Recent studies have reported an association of cognitive dysfunction with worse psychosocial functioning, both at work performance and in social relationships (Clark, DiBenedetti, & Perez, Reference Clark, DiBenedetti and Perez2016; Cotrena et al., Reference Cotrena, Branco, Kochhann, Shansis and Fonseca2016; Evans, Iverson, Yatham, & Lam, Reference Evans, Iverson, Yatham and Lam2014). Considering the above, it might be useful to identify those patients with cognitive impairment during an acute episode of depression, to try to cope with cognitive deficits while at the same time improving the patients' psychosocial functioning without having to wait to treat those deficits after clinical remission. So far, only one of the studies mentioned in a sample of first episode of depression has analyzed neuropsychological heterogeneity in the acute stage of the illness revealing two distinguishable cognitive profiles (preserved and impaired clusters) (Vicent-Gil et al., Reference Vicent-Gil, Keymer-Gausset, Serra-Blasco, Carceller-Sindreu, de Diego-Adeliño, Trujols and Portella2018). Some patients were classified as cognitively impaired showing significant deficits in attention/working memory and verbal memory and subtle impairment in executive function, whereas the rest did not show any cognitive deficit. Unfortunately, cognition is not routinely evaluated in all MDD patients [as reported by McAllister-Williams et al. (Reference McAllister-Williams, Bones, Goodwin, Harrison, Katona, Rasmussen and Young2017) in the UK], and the presence of cognitive dysfunction in a non-negligible percentage of them still represents an unresolved problem, which derives in increased social and health costs.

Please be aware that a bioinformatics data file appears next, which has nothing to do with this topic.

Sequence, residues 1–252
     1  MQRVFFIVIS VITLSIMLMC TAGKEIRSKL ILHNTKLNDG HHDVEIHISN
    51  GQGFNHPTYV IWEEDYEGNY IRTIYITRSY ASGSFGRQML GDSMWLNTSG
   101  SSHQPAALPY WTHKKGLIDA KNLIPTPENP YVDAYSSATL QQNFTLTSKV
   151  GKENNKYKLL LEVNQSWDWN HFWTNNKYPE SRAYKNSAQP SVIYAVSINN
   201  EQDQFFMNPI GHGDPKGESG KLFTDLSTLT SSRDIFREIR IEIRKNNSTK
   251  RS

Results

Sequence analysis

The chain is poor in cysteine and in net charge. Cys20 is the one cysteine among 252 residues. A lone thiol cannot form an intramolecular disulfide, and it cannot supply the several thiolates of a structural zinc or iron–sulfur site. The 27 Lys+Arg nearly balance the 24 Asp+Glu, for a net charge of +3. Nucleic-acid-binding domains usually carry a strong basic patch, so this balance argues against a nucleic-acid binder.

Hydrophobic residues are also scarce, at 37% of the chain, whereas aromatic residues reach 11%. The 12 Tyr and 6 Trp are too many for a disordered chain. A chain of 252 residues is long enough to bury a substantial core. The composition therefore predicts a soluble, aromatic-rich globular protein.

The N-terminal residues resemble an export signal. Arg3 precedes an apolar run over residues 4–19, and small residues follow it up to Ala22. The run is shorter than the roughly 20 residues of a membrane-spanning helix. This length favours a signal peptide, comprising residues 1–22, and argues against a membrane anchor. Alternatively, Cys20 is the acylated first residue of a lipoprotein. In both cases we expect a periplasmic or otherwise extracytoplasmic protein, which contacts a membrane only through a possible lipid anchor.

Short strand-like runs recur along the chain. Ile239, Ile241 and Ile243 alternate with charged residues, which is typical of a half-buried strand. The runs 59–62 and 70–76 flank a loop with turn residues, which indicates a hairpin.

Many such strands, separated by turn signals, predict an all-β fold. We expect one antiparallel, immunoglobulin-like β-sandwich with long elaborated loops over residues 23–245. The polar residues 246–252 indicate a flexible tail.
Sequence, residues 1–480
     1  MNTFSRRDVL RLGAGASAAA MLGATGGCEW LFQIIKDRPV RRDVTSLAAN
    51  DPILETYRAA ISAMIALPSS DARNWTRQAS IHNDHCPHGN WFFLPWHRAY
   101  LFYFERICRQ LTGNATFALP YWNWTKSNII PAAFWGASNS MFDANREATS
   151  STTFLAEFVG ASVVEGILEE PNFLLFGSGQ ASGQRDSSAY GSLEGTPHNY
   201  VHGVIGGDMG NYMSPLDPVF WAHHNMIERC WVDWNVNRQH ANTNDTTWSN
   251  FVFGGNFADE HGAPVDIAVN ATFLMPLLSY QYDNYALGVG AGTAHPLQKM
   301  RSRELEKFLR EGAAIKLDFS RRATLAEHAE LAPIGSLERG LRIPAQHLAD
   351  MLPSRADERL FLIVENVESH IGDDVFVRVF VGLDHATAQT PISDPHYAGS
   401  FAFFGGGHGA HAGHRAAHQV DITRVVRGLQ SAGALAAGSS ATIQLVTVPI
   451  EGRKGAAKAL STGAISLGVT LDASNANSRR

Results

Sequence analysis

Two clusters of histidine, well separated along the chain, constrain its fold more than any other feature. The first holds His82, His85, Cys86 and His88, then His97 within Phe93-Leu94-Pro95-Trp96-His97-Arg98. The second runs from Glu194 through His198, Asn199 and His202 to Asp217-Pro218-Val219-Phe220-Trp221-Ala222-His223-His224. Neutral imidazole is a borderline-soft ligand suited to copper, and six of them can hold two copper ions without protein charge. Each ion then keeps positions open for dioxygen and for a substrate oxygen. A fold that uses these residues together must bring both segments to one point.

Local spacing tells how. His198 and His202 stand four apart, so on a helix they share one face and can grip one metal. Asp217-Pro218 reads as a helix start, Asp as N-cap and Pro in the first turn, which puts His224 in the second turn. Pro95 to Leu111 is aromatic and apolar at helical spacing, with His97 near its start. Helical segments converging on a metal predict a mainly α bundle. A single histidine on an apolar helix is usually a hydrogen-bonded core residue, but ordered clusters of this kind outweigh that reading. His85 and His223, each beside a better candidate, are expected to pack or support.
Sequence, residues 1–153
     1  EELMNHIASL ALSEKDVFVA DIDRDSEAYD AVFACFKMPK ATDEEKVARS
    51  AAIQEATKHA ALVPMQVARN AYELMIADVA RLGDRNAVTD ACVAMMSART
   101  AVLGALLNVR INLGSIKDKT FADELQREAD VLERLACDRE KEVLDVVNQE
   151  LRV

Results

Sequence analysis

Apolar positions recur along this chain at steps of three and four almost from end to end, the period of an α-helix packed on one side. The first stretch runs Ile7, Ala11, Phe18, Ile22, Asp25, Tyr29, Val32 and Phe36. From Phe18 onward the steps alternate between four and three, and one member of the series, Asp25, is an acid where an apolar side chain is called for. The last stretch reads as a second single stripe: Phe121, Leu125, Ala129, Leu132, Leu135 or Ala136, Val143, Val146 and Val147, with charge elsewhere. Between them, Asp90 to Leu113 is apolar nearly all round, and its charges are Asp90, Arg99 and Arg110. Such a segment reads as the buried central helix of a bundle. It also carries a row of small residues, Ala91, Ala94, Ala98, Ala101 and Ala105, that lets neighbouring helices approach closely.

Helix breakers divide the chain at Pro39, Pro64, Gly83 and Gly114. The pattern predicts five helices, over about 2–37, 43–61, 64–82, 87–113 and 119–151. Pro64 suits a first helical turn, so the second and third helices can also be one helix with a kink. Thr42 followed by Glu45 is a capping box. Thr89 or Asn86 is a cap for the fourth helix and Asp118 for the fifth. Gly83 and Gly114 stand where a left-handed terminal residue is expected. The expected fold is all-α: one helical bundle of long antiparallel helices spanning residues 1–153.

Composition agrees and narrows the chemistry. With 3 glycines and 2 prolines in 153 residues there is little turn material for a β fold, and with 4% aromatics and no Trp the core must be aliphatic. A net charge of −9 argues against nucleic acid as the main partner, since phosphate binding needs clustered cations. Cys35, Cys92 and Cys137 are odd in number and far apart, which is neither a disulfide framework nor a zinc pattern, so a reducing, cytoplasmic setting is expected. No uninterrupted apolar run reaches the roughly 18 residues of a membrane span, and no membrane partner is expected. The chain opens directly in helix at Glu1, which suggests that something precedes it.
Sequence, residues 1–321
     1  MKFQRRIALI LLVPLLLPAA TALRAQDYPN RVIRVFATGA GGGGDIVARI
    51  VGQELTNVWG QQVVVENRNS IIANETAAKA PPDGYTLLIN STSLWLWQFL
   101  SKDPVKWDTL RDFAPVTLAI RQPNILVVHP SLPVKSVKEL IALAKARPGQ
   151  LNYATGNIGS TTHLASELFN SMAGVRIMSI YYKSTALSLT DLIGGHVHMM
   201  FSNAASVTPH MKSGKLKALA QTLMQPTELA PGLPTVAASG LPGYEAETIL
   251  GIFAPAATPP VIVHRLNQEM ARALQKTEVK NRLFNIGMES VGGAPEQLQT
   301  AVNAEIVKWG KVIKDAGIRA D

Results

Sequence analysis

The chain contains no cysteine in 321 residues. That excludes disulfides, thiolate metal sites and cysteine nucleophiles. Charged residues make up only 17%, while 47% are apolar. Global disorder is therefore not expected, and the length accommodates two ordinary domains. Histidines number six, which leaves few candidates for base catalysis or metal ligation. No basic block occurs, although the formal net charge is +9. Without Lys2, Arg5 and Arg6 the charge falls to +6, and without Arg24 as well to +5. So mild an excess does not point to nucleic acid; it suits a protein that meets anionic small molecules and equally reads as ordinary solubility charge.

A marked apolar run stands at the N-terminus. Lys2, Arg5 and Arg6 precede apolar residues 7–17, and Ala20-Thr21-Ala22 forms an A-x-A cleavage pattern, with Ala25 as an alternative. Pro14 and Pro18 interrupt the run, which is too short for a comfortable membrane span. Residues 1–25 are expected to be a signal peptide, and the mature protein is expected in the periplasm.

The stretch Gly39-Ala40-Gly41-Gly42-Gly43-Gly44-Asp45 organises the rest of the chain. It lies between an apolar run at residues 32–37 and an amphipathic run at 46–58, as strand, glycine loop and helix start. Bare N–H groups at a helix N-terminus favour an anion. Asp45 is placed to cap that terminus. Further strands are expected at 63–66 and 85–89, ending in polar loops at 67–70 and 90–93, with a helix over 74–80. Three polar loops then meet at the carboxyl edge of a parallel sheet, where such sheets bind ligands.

Even though there seems to be some evidence about the heterogeneity in cognitive functioning among MDD patients (see Douglas et al., Reference Douglas, Gallagher, Robinson, Carter, McIntosh, Frampton and Porter2018), no studies have attempted to identify subgroups of acute patients considering the factors mentioned above. The aim of the current study is to identify clusters of MDD patients with an acute episode using cognitive, clinical and sociodemographic measures as indicators of grouping. We hypothesize that different cluster groups will emerge based on their cognitive, clinical and sociodemographic characteristics. In addition, we also expect that most cognitively affected patients will show worse psychosocial adaptation.

Methods

Participants